24°45.82′N 112°15.80′W 17-Nov-09 00:15 UTC

Cruising Yin and Yang

Monday, November 16th, 2009

We’ve discovered there’s a definite dichotomy to our cruising life, and lately we’d been feeling a bit heavy on the “ordeal” side.

Life is good when we’re at anchor, filled with simple pleasures: a full night’s sleep in a horizontal bed, coffee in the morning, reading, swimming, going ashore, etc. But our overnight passages have definitely become the yin to the anchorage yang. We’ve had some great sailing and witnessed some spectacular beauty at sea for sure, but our recent passages have been something of a grind. It’s probably because they’re too short – usually just a couple days – not long enough for S’s stomach to adjust to the constant motion, and we suspect, for us to become exhausted enough that we can sleep heavily on our off-watches through all the noises and motion. On our last passage, 50 hours from Bahia Tortugas to Bahia Santa Maria, we had fluky winds, pesky squalls, and the ever-present northwesterly swells to carefully present our backside to (or else roll obnoxiously). At the end of it we were sleep deprived, queasy (S), rather low on humor, and quite ready for some R&R.

Thankfully, we have little doubt of our anchor set here in Bahia Santa Maria. When we arrived Saturday morning the 18-knot winds blew the boat sideways downwind as K deployed the anchor and chain, but we felt the anchor bite hard as it whipped the bow around to face it. We slept soundly well into the afternoon.

Yesterday we set out to increase the fun quotient of our trip, and it was a resounding success. This bay is beautiful. The blue water is warm, and there’s a spectacular sandy beach that extends for miles. We collected pretty shells and went body surfing and snorkeling. We were also pleased to find we could successfully land and re-launch our dinghy through the surf – an important but intimidating cruising skill to learn. Today we started getting ready for the next leg, the 345 miles to La Paz, down around the corner in the Sea of Cortez. We scrubbed the flora and fauna off the boat’s bottom, to the delight of the local population of juvenile jacks, and switched out our big genoa for the lighter version – a former Halberg-Rassey headsail K salvaged from the Shilshole dumpster giveaway pile last year and recut to fit Khamseen. It ain’t pretty but we have high hopes for its billowy power. We’re refreshed, S is armed with a full pack of Stugeron, and we’re eager to go again.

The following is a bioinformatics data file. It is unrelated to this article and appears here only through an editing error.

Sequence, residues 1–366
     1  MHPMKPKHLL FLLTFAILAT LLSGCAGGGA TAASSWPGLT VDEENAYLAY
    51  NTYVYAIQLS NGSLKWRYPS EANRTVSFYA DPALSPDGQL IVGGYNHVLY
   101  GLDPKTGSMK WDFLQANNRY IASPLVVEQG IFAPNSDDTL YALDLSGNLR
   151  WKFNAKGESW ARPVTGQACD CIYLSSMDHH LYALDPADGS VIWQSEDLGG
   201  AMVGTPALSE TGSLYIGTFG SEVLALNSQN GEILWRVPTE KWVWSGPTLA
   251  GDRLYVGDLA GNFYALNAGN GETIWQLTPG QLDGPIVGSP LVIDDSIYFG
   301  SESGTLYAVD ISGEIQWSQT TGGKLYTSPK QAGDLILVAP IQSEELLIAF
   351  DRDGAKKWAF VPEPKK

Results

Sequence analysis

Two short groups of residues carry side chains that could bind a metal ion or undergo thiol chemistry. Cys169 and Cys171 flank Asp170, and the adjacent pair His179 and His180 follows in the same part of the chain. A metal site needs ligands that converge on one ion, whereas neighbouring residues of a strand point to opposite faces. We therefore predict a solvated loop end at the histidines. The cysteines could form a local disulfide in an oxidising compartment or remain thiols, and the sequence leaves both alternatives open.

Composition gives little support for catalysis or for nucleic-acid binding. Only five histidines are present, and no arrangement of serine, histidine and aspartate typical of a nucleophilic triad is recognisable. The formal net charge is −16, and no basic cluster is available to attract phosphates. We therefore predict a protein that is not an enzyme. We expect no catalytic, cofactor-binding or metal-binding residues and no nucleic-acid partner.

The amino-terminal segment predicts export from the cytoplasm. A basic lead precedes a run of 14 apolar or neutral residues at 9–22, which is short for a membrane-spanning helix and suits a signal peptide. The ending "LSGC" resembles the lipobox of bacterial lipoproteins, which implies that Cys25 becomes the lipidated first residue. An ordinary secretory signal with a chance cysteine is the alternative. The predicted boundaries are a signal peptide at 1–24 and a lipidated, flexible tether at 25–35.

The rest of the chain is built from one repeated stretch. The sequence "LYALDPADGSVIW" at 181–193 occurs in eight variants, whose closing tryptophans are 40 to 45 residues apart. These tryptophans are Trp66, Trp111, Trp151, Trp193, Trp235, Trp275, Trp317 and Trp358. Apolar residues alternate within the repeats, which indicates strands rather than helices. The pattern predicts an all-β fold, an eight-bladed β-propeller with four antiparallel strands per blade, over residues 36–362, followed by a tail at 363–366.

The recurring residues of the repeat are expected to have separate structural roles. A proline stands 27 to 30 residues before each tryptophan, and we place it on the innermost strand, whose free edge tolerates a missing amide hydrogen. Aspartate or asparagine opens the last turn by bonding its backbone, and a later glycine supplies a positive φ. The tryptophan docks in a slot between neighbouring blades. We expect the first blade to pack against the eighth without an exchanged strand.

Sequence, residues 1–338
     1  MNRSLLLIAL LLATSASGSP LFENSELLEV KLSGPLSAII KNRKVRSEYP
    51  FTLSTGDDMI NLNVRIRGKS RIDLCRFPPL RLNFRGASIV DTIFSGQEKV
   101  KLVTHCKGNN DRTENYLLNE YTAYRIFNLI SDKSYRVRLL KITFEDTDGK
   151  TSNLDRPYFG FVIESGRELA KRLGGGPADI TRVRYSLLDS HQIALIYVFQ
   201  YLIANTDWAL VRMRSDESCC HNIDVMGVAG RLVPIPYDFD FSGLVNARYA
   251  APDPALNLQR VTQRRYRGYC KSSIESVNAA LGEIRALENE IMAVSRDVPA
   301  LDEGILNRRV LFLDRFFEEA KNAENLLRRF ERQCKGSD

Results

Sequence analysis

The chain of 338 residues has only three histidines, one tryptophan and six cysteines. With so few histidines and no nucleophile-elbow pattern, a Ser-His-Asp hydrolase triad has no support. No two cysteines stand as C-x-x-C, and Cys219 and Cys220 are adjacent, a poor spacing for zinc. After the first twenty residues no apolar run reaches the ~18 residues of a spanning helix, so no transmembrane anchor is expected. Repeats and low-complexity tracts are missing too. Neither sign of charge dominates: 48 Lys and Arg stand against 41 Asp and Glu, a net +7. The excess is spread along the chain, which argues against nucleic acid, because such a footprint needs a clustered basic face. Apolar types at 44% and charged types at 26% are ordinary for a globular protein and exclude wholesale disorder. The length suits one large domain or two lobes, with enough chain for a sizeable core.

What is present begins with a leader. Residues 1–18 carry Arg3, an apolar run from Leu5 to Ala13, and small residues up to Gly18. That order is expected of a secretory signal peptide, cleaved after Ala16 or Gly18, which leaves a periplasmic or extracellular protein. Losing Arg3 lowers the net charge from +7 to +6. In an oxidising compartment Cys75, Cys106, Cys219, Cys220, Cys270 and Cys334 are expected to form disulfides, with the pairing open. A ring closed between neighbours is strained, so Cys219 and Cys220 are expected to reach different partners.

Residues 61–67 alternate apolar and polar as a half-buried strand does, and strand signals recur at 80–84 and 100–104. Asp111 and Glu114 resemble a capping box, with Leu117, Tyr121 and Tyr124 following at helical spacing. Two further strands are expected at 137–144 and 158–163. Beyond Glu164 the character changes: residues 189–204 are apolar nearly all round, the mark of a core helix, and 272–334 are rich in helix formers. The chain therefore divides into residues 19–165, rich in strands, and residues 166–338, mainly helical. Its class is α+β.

24°45.89′N 112°15.67′W 16-Nov-09 23:15 UTC

Big Birds

Monday, November 16th, 2009

This post is dedicated to our friends at Pelican Packaging Inc.001

Everyone loves a pelican, in most places they are the comical residents of the local pier looking for easy chow.


The pelicans of Baja are more serious, they are an organized fish killing army of thousands, annihilating schools of bait fish with disturbing efficiency.


We watched as The Six Pelicans of the Apocalypse gathered a pterodactyl legion of menhaden death.


A horde of pelicans and cormorants smelled the blood and gathered from miles around, covering the surface of the bay with waves of low level birds.


Soon, thousands of circling birds plunged into an area the size of a swimming pool as the bait school made its way past the point and into the bay (probably a mistake on their part).


These birds were operating under VFR with no flight traffic control authority and yet we documented no midair collisions.


The fisherman’s coop also mobilized to cash in on the bait bonanza.


Two skiffs put out a small purse seine.


Then they noticed a lot of pelicans.


AGHHHHHHH!! It’s a pelican nightmare!

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By the time they got to the end of the net they had one fish box of bait left and were floating in a sea of bloated, burping birds.

27°41.00′N 114°52.70′W 15-Nov-09 20:00 PST

Bahia Tortugas/San Bartolome Bay